Buddenbrock, Hans-Jobst Freiherr von

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Buddenbrock, Hans-Jobst Freiherr von, born on 21-06-1896 in Ohlau, Schlesien, joined the Army Service on 22-03-1914, age 17, shortly before the outbreak of World War I. He was a Leutnant and Battery Officer in the 3rd Guards Artillery Regiment. He ended the war as a Battery leader in the same Regiment. Buddenbrock was allowed to stay in the new Reichswehr  and was commander of the 162nd Artillery Regiment with the outbreak of World War II. Taken ill, he landed in the Führer Reserve, from 20-11-1940 to 01-05-1941. He received the Medallion for the Winterschlacht im Osten , in 1942. After commander of the 188th Artillery Regiment and the Artillery Commander 124, he again is in the Führer Reserve, from 22-05-1943 to 03-10-1943.

The Führer Reserve (“Officers Reserve”) was set up in 1939 as a pool of temporarily unoccupied high military officers waiting for new assignments in the German Armed Forces during World War II. The various military branches and army groups each had their own pool which they could use as they saw fit. The officers were required to remain at their assigned stations and be available to their superiors, but could not exercise any command function, which was equivalent to a temporary retirement while retaining their previous income. Especially in the second half of the war, more and more politically problematic, troublesome, or militarily incompetent officers were assigned to the Führer Reserve. Examples: Major Karl August Meinel, 01-08-1942, was shifted into the Führerreserve, because on 13-01-1942 he wrote a critical report to General der Infanterie, Hermann Reinecke Reinecke on the segregation and execution of Russian prisoners of war in prison camp Stalag VII-A ID tag as worn by POWs. Name and service number are on the brown disc. by the Gestapo and the Sicherheitsdienst SD (security Service) of the Reichsführer SS Heinrich Himmler    Stalag VII-A was north of Moosberg, a Bavarian town close to Munich. Hermann Reinecke died old age 85, on 10-10-1973. General der  Infanterie, Georg Thomas  , head of the Military Economics and Armament Office of the Armed Forces Supreme Command, played an essential role in drawing up the starvation policy for the occupied Eastern territories. He was transferred to the Officers Reserve on 20-11-1942 and arrested after the 20 July 1944 assassination attempt on Hitler because of his contacts with the resistance. Thomas died, age 56, 29-12-1946.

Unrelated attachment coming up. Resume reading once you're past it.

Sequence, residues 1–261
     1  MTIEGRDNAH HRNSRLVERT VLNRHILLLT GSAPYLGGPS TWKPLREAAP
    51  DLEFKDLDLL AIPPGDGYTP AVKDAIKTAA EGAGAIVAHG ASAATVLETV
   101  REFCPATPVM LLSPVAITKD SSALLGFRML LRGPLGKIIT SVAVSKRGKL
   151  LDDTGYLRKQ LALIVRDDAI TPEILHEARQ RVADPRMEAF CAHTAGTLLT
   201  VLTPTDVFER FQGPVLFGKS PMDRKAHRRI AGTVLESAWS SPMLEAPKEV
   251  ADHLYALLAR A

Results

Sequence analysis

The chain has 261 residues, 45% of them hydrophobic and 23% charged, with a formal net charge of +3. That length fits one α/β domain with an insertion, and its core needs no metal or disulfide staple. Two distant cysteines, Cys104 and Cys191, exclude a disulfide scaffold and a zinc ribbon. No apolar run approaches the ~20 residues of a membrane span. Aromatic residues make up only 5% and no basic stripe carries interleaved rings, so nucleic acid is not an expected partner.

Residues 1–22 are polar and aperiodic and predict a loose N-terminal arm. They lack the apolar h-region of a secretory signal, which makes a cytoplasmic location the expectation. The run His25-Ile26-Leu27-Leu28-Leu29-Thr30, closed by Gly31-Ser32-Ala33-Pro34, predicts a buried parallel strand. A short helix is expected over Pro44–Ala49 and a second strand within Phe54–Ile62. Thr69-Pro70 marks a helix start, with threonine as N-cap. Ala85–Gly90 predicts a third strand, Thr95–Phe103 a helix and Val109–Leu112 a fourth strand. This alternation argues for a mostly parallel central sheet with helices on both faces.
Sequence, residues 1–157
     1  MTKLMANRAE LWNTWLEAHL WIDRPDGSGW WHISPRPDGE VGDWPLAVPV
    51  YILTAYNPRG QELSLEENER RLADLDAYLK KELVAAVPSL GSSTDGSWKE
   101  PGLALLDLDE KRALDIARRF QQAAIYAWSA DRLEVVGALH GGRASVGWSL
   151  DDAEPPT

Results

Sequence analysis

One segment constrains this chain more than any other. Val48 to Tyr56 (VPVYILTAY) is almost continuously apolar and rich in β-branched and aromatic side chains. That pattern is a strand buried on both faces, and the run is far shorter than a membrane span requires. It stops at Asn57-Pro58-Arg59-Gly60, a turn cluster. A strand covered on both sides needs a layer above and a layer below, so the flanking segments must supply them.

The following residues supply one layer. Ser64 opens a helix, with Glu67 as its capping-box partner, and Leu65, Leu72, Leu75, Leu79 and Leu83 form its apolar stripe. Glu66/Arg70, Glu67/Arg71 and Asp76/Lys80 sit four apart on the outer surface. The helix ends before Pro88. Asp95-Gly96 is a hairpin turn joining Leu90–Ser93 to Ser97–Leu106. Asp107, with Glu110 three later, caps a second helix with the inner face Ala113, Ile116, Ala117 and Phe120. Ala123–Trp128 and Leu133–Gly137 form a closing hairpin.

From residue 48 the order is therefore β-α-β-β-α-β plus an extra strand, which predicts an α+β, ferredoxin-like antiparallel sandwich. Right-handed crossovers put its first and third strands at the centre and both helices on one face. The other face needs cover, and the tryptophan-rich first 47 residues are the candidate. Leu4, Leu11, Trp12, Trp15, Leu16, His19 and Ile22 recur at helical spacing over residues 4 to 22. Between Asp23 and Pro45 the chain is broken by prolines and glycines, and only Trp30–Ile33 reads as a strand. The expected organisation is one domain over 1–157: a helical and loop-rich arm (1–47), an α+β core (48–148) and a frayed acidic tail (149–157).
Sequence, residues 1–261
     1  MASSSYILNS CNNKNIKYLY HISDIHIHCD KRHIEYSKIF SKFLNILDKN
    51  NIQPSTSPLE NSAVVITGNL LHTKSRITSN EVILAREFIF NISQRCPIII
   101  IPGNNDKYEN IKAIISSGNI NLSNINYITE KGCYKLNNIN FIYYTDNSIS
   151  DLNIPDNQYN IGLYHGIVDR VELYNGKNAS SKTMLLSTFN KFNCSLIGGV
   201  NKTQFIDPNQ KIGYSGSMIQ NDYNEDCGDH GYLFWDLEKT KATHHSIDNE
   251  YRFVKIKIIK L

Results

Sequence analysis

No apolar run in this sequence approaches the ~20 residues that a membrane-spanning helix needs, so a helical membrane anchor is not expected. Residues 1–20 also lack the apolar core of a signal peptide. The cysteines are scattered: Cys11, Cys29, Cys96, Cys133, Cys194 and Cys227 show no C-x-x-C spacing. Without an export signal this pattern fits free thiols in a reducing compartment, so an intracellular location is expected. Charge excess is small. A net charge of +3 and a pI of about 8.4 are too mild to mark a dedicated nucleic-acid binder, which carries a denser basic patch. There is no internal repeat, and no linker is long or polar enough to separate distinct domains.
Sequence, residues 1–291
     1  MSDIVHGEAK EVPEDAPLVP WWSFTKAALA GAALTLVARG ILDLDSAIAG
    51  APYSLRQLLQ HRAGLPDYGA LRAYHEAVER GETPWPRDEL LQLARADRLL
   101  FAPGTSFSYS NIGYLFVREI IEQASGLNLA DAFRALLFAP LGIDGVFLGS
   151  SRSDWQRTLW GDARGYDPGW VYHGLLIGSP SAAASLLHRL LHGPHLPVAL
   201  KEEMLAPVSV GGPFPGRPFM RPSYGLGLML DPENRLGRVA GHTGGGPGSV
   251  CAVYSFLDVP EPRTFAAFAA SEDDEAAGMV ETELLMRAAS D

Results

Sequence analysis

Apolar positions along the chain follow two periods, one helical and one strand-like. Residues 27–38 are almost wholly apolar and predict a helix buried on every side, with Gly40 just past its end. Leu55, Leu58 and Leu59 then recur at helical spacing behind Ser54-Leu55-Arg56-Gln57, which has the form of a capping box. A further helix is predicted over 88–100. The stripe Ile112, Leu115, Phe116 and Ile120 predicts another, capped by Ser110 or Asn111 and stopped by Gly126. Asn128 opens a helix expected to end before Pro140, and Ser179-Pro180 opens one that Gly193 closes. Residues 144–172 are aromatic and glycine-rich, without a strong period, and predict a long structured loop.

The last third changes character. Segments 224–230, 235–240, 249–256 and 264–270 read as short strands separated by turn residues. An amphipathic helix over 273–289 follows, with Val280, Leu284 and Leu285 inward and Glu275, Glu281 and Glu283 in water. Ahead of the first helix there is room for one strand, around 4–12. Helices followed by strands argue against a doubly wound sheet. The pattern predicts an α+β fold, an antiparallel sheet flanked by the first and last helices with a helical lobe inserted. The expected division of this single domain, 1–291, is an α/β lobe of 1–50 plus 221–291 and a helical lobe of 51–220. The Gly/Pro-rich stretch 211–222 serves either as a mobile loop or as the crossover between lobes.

Generaloberst, Head of the Army General Staff from 1938 until September 1942 Franz Halder head of the Army General Staff, planned army operations from 1939 to 1941. He was dismissed in 1942 and transferred to the Officers Reserve. After the assassination attempt on Hitler of 20 July 1944, his involvement in a conspiracy in 1938 came to light, which led to his arrest and imprisonment in Flossenbürg concentration camp.
He was freed by U.S. troops in May 1945. In camp Flossenburg, Intelligence Admiral, Wilhelm Canaris and Hans Paul Oster were killed only days before the end of the war. Walther von Brauchitsch    became Supreme Commander of the Army in 1938 and was decisively involved in planning Operation Barbarossa. The 91.000 German POWs taken at Stalingrad, 27.000 died within weeks and only 5-6,000 returned to Germany by 1955. The remainder of the POWs died in Soviet captivity.
On 02-02-1943, the organized resistance of Axis troops in Stalingrad ceased. Out of the 91.000 prisoners taken by the Soviets, 3.000 were Romanian. These were the survivors of the 20th Infantry Division , 1st Cavalry Division  and “Colonel Voicu” Detachment. According to archival figures, the Red Army suffered a total of 1.129.619 total casualties; 478.741 men killed or missing and 650.878 wounded. These numbers are for the whole Don region; in the city itself 750.000 were killed, captured, or wounded. Anywhere from 25.000 to 40.000 Soviet civilians died in Stalingrad and its suburbs during a single week of aerial bombing by Luftflotte 4  under command of Generalleutnant Günther Korten, as the German 4th Panzer and 6th Armies approached the city; the total number of civilians killed in the regions outside the city is unknown. In all, the battle resulted in an estimated total of 1.7-2 million Axis and Soviet casualties.  Buddenbrock was dismissed on 19-12-1941 because of the military defeat at Moscow and transferred Officers Reserve. Three days after D-Day , he is for the third time in the Führer Reserve (see Adolf Hitler) (did you know), now until 21-08-1944. Delegated with the leadership of the 212th Infantry Division , he is in Allied captivity, in Mai 1945 and released on 05-06-1947.

Death and burial ground of Buddenbrock, Hans-Jobst Freiherr von.

Living in Gütersloh, Freiherr Hans-Jobst von Buddenbrock died at the age 62, on 30-08-1957 and is buried with his wife Elisabeth, born von Lenshi, who died age 73 on 18-10-1973, next to Generalleutnant der Flieger, Chef des Stabes X Fliegerkorps, Martin Harlinghausen and close to Generalleutnant der Infanterie, Kommandeur 168th Infanterie Division Wolf Boysen and Generalmajor der Flieger, Commander of Command station of Luftwaffe Catch Staff West with Air Region Command VI, Günther Wieland, on the Johannes cemetery of Gütersloh.
  

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